It was in January 1986 that high-level talks between Pakistani and Indian defense and foreign secretaries as well as senior military personnel first began to find a peaceful end to the Siachen dispute. The cumbersome peace process, finally after over three years of negotiations, produced a breakthrough in June 1989 during the fifth round of talks between the two countries’ defense secretaries in Islamabad.

According to the joint statement issued on June 17 at the conclusion of talks, “There was agreement by both sides to work towards a comprehensive settlement, based on redeployment of forces to reduce the chances of conflict, avoidance of the use of force and the determination of future positions on the ground so as to conform with the Simla agreement and to ensure durable peace in the Siachen area. The army authorities of both sides will determine these positions.”

The next day, separate talks between the foreign secretaries of the two countries concluded. At a joint press conference, Pakistan’s foreign secretary Dr Humayun Khan, referring to the defense secretaries’ meeting, called it a “significant advance” and spoke of a joint statement to relocate “forces to positions occupied at the time of the Simla agreement.” He went on to say: “The exact location of these positions will be worked out in detail by military authorities of the two countries.”

Indian foreign secretary S K Singh said, “I would like to thank the foreign secretary, Dr Humayun Khan, and endorse everything he has said.” Surprisingly, the very next day, spokesman of the Indian External Ministry denied India had signed any agreement on troops withdrawal from Siachen: “There was no indication of any such agreement in the joint press statement issued at the end of talks.”

Neither during prime minister Rajiv Gandhi’s visit to Islamabad in July 1989, nor during two round of talks between the military officials of the two countries in July and August 1989, was any agreement on Siachen signed between Pakistan and India, with both sides sticking to their respective grounds.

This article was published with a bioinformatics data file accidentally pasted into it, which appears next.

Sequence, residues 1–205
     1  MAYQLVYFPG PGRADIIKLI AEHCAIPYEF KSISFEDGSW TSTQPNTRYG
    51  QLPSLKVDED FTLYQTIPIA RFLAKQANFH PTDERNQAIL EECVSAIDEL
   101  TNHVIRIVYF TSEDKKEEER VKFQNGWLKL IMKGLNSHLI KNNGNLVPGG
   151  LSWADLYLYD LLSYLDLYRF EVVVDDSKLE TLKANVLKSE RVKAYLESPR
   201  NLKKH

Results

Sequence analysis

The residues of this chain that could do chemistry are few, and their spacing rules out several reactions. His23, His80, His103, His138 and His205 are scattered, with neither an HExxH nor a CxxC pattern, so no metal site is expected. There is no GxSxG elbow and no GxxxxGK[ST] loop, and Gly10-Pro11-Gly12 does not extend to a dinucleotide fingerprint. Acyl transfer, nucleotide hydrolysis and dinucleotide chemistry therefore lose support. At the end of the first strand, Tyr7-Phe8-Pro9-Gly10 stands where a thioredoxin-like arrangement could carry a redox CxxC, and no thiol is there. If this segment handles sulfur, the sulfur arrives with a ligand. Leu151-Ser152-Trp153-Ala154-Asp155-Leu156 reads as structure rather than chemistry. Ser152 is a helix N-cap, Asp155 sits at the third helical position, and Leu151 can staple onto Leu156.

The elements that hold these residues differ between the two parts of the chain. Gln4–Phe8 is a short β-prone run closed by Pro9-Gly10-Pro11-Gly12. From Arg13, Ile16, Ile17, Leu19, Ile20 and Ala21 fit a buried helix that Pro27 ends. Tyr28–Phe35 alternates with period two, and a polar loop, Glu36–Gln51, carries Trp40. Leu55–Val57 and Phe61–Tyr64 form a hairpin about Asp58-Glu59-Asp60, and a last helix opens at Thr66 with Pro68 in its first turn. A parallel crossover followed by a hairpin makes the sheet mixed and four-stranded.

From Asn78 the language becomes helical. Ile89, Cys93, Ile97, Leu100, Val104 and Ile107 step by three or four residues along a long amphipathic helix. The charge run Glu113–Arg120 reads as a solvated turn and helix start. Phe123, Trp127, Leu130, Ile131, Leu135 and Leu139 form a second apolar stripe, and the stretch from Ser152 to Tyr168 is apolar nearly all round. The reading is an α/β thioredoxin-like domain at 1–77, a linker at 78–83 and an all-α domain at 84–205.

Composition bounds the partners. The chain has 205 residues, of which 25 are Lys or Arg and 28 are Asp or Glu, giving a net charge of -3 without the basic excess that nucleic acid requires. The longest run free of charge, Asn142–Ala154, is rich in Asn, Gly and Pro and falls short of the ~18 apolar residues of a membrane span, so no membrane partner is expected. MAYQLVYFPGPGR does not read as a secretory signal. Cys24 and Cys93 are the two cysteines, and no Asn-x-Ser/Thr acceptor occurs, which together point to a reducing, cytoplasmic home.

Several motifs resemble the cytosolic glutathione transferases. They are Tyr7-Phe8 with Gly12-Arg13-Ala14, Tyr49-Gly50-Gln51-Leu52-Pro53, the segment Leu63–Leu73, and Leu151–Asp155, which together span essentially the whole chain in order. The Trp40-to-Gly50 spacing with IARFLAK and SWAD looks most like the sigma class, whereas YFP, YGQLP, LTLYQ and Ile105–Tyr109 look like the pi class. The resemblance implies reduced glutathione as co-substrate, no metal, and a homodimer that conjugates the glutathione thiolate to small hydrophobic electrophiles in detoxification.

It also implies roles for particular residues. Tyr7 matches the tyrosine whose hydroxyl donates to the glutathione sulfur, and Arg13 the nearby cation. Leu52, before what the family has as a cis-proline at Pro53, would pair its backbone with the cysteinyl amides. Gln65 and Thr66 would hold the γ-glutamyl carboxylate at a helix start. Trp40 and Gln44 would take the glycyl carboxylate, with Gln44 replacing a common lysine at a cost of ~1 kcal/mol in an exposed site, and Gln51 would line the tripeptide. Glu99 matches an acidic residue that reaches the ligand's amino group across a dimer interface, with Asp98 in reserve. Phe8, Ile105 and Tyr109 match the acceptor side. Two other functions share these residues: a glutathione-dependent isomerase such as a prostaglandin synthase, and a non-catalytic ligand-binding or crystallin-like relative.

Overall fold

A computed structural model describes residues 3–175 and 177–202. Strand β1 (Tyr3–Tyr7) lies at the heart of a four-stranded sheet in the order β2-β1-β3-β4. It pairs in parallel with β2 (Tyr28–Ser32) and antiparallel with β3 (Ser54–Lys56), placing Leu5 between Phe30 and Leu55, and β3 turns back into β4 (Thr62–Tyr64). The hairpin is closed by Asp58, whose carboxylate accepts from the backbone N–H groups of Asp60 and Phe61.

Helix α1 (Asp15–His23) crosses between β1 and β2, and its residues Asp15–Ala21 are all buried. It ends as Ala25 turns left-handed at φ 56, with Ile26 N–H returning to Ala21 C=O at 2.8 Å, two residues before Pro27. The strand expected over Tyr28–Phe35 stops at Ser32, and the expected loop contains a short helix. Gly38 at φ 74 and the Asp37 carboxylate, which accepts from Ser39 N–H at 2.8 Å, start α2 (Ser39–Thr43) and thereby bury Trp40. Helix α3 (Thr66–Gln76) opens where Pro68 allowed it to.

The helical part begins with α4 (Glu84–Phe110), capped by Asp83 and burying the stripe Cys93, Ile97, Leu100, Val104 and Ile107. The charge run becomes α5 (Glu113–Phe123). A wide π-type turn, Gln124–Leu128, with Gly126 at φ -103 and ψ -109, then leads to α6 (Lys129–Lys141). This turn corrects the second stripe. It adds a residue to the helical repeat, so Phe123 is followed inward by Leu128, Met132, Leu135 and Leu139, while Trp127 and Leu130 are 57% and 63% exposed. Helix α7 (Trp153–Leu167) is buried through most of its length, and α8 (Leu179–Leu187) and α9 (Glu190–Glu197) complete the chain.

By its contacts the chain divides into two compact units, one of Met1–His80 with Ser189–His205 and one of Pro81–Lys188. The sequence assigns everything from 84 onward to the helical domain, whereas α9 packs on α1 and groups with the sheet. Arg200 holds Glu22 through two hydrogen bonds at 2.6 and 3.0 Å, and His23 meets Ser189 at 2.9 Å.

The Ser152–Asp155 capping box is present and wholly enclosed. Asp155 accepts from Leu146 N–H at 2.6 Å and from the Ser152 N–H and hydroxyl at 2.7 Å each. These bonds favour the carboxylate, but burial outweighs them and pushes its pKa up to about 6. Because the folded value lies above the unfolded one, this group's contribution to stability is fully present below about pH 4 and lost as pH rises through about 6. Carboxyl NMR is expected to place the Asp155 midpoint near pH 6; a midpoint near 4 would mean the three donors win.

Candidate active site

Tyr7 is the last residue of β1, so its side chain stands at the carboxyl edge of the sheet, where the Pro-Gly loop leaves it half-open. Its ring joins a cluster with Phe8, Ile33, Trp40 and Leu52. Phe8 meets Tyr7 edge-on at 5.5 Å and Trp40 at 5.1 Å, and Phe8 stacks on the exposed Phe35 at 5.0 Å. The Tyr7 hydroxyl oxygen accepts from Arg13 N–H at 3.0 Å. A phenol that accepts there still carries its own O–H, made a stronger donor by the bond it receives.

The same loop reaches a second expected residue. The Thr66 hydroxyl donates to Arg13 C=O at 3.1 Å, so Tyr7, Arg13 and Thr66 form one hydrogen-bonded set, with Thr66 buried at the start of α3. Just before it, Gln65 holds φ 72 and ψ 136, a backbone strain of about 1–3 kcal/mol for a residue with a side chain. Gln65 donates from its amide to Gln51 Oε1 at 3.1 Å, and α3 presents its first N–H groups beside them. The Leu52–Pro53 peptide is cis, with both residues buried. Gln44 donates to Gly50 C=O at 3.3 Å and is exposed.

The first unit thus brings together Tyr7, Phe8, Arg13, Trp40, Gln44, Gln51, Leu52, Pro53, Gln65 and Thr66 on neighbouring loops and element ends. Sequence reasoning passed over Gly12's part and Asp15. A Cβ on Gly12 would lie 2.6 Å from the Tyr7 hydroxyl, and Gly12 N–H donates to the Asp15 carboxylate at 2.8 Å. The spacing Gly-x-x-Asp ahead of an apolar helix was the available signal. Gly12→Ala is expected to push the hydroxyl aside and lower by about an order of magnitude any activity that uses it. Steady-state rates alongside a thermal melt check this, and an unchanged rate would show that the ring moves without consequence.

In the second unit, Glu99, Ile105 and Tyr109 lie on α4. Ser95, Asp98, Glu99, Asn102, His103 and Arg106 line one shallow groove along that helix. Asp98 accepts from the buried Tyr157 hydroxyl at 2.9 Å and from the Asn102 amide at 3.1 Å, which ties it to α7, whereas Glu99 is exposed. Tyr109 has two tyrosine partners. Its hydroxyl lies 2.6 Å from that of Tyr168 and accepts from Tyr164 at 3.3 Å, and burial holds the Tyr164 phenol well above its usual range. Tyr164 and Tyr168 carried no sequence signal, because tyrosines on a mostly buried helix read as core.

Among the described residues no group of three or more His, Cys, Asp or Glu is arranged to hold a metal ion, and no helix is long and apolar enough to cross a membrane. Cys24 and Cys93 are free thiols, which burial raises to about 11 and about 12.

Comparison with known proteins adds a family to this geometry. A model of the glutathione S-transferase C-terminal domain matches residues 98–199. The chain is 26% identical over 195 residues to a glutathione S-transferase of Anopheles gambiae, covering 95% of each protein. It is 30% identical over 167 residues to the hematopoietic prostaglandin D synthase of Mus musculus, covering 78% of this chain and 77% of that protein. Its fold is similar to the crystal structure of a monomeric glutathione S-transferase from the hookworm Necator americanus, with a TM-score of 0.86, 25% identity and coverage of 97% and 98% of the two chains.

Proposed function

After the Agreement

Before the June 1989 agreement, the Indian side was demanding that Pakistan ceased its “cartographic aggression”; that is, its unilateral attempt to extend the Line of Control from the agreed terminus at map reference point NJ 9842 to the Karokoram Pass on the border with China.

The Pakistani side, on the other hand, insisted that the deployment of Indian and Pakistani forces should be in mutually agreed positions that were held at the time of the ceasefire in 1971 (i.e., pre-Simla positions) and only then “delimitation” of an extension of the Line of Control beyond the map reference point NJ 9842.

Throughout the 1990s, no particular progress was made on Siachen. Under the current ‘Composite Dialogue’ process, Pakistan has thus far asked India to withdraw its troops from the glacier to the 1972 positions, but India, having control over it, has appeared unlikely to yield. However, both sides have indeed considered steps to strengthen the ceasefire along the 110-km Actual Ground Position Line (AGPL) on the glacier.

Prospects of Settlement

In the third round of defence secretaries talks in May last year, the two sides discussed a proposal for troop withdrawal from the glacier. India reiterated that the present troop positions should first be marked on a map and on the ground as evidence in case the area is reoccupied after a deal. Pakistan continued to oppose the marking, saying it would legitimize Indian occupation of the strategic glacier in 1984.

In the last three rounds of such negotiations, the two sides have mainly focused on technical discussions on the steps that might precede demilitarization; however, any understanding is yet to be reached. The old controversy over where the real border exists in the Siachen sector has assumed new shapes. Negotiations on Siachen have focused on discussing modalities for disengagement and redeployment of troops.

Pakistan and India need to undertake a full withdrawal of their troops to the agreed points, in the spirit of the Simla agreement of 1972, without any attempt to legitimize post-1972 military advances by either side. Being an aggressor, India has to take the lead in this respect. Pakistan would surely follow suit.

The Simla agreement had specified that “neither side shall seek to alter it unilaterally irrespective of mutual differences and legal interpretations. Both sides further should undertake to refrain from the threat or the use of force in violation of this line.”

By insisting on the Indian troops withdrawal from the glacier and its adjoining approaches to pre-Simla-positions, Pakistan wants the region to revert to its no-man’s land status, which existed prior to the Indian aggression and occupation.